"A HOUSE DIVIDED AGAINST ITSELF CANNOT STAND"
LINCOLN, Abraham. Speech of Hon. Abraham Lincoln, Delivered in Springfield, Saturday Evening, July 17, 1858. [Springfield: no publisher, 1858]. Octavo, original ivory leaves; pp. -8. Housed in a custom clamshell box. $7800.
First and only separate printing of this "trial balloon" speech, in which Lincoln defines equality between blacks and whites, leading up to the famous series of debates with Stephen Douglas. First printings of any of Lincoln's speeches are quite scarce.
The political contest between Lincoln and Douglas constitutes "one of the great events in American political history' (Davis & Wilson, Lincoln-Douglas Debates, ix). Earlier on the day of this momentous July 17, 1858 speech by Lincoln, Stephen Douglas spoke to a small gathering, challenging Lincoln's understanding of "negro equality." When Lincoln delivered this speech that evening, he repeated the "house divided" warning he first issued at the State Republican Convention a month earlier, and in addition, pointed to the famous clause in the Declaration of Independence, which he interpreted as "all men are equal in some respects; they are equal in their right to 'life, liberty, and the pursuit of happiness," which he then further defined as "the right to put into his mouth the bread that his own hands have earned, he is the equal of every other man, white or black." When his speech came to a close, "Lincoln sat down amidst loud and continued cheering." Lincoln's strategy "of following his adversary and speaking in response to him was not uncommon in the Illinois politics of the time." This July 17 speech proved a turning point, however, for within a week "Lincoln approached Douglas with regard to 'an arrangement for you and myself to divide time, and address the same audiences,'" a move that prompted the Lincoln-Douglas debates (Davis &Wilson, xx-.xxi). To best know and "study Abraham Lincoln," historian Fehrenbacher has noted, "we must examine his words, and not only the words that he wrote but also those that he uttered" (Lincoln in Text and Context). Text in double columns. Variant seen with the title, "Reply of Hon. Abraham Lincoln, to Hon. S.A. Douglass": priority undetermined. Monaghan 12. Fish 526. Byrd 2960.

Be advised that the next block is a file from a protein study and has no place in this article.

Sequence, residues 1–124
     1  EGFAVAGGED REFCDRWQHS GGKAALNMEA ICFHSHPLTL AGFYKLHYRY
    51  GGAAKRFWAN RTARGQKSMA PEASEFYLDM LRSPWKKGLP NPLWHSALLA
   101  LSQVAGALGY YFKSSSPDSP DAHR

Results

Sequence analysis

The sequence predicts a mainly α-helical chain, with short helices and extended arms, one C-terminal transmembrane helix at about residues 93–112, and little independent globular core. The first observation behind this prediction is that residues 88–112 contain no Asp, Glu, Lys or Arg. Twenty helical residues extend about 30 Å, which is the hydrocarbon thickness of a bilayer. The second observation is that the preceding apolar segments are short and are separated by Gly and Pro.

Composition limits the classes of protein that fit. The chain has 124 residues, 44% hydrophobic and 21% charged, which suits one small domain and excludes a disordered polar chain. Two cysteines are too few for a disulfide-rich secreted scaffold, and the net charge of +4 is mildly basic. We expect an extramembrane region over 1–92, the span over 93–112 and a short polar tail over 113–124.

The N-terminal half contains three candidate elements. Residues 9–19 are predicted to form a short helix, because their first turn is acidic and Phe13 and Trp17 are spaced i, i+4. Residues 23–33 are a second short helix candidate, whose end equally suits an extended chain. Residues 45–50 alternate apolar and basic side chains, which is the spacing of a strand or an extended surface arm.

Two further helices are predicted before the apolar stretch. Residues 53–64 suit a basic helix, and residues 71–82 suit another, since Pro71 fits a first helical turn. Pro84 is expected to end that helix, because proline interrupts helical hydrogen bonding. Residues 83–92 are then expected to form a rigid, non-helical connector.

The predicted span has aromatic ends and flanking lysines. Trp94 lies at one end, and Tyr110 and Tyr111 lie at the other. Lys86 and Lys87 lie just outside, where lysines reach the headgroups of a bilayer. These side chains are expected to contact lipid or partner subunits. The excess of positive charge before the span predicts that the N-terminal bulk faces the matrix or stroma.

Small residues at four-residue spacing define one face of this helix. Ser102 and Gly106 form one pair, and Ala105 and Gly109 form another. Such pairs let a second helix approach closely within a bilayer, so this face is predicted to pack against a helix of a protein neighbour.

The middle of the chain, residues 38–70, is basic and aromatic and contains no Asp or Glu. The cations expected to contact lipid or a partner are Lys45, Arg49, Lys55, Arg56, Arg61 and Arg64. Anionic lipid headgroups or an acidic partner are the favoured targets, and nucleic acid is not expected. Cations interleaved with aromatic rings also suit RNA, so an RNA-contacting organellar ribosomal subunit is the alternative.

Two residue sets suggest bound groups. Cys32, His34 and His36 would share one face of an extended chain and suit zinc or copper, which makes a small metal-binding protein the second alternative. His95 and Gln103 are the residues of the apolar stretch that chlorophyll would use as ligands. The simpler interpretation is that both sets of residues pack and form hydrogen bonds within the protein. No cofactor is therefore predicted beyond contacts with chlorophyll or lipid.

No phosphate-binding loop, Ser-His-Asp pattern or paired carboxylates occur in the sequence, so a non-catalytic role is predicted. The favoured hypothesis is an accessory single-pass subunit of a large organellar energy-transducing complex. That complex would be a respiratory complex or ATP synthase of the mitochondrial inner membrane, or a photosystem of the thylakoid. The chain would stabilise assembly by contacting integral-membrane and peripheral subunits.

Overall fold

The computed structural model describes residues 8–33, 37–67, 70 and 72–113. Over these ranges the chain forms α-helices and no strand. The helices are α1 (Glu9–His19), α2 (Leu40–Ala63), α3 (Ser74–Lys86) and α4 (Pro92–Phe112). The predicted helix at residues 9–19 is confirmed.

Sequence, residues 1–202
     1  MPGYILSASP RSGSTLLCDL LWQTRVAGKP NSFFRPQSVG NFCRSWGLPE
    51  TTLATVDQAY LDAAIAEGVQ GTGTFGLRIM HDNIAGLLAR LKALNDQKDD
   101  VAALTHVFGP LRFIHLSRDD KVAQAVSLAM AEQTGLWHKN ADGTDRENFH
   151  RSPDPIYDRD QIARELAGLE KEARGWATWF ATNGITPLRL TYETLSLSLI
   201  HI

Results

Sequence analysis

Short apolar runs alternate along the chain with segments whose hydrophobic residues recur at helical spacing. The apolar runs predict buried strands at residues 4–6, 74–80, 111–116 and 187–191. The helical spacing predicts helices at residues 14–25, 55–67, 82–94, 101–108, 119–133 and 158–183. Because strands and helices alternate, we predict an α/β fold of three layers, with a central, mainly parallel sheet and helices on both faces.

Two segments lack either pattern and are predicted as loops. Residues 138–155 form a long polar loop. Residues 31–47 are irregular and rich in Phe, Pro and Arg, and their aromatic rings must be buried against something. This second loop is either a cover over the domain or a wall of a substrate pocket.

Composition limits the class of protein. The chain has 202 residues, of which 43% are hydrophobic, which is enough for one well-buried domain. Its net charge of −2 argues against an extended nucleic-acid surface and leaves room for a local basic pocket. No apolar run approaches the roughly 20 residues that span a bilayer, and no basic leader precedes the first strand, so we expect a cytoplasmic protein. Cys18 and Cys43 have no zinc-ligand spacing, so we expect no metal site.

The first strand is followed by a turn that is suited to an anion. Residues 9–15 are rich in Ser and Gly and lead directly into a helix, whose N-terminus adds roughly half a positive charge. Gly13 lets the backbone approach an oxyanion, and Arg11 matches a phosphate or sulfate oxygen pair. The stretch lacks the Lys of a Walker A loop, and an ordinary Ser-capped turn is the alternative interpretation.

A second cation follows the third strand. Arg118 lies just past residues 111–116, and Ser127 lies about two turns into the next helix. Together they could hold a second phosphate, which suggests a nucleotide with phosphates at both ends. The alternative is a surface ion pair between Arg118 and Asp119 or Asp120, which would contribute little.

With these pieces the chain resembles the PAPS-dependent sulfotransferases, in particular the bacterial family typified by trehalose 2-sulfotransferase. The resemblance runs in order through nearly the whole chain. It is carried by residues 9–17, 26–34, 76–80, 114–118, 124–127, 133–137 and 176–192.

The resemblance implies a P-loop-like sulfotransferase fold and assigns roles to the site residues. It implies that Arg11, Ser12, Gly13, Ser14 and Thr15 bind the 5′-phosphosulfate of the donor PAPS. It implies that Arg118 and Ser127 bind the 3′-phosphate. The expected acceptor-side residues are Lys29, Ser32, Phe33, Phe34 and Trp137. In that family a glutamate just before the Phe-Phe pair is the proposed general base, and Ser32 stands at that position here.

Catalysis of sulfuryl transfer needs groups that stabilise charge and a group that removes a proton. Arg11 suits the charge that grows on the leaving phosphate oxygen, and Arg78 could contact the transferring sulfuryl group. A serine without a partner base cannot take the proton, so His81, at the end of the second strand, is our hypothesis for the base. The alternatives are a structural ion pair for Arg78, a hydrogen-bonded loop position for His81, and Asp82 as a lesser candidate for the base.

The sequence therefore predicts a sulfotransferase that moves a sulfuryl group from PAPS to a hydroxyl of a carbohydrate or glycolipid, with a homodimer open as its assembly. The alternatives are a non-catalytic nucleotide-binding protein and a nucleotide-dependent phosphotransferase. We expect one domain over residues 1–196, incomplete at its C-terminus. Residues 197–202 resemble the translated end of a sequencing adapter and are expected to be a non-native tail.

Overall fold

Text fresh with faint marginal soiling and toning, intact with minimal splitting along seam. A rare very good unrestored copy.